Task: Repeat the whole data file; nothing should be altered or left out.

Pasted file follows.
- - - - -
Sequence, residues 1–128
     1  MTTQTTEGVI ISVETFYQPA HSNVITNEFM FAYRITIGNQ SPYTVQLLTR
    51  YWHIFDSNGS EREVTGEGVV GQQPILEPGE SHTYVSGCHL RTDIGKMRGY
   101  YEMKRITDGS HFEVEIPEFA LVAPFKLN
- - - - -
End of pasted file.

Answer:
Sequence, residues 1–128
     1  MTTQTTEGVI ISVETFYQPA HSNVITNEFM FAYRITIGNQ SPYTVQLLTR
    51  YWHIFDSNGS EREVTGEGVV GQQPILEPGE SHTYVSGCHL RTDIGKMRGY
   101  YEMKRITDGS HFEVEIPEFA LVAPFKLN